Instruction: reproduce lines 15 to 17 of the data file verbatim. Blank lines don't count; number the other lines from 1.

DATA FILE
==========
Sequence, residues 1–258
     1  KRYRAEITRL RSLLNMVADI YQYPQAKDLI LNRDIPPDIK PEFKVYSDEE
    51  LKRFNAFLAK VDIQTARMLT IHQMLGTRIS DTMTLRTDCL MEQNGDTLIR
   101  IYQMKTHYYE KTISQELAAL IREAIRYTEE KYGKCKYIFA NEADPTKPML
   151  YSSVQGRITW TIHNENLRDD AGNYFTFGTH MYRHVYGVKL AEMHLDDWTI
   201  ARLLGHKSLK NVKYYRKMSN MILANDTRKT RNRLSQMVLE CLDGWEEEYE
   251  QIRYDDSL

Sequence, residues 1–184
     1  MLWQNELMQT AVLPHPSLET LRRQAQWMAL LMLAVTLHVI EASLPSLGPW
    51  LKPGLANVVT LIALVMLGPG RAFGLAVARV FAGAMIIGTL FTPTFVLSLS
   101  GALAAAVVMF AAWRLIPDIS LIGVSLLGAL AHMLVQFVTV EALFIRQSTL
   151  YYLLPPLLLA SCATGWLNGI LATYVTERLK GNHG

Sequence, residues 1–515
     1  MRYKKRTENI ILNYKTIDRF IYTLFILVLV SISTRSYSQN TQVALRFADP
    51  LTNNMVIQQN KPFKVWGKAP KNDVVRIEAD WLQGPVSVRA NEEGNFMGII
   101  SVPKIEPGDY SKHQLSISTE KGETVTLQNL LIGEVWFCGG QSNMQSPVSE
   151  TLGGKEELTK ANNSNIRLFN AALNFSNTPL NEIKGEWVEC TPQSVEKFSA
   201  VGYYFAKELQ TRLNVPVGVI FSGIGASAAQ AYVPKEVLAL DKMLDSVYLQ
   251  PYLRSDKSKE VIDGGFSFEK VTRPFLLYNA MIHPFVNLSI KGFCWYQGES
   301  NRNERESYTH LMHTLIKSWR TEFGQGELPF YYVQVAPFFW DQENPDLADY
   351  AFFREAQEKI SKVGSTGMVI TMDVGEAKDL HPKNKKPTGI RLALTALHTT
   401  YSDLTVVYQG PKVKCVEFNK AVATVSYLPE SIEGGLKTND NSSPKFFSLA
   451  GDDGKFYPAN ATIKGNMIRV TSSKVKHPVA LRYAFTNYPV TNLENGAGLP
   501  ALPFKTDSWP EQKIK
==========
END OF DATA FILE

    51  LTNNMVIQQN KPFKVWGKAP KNDVVRIEAD WLQGPVSVRA NEEGNFMGII
   101  SVPKIEPGDY SKHQLSISTE KGETVTLQNL LIGEVWFCGG QSNMQSPVSE
   151  TLGGKEELTK ANNSNIRLFN AALNFSNTPL NEIKGEWVEC TPQSVEKFSA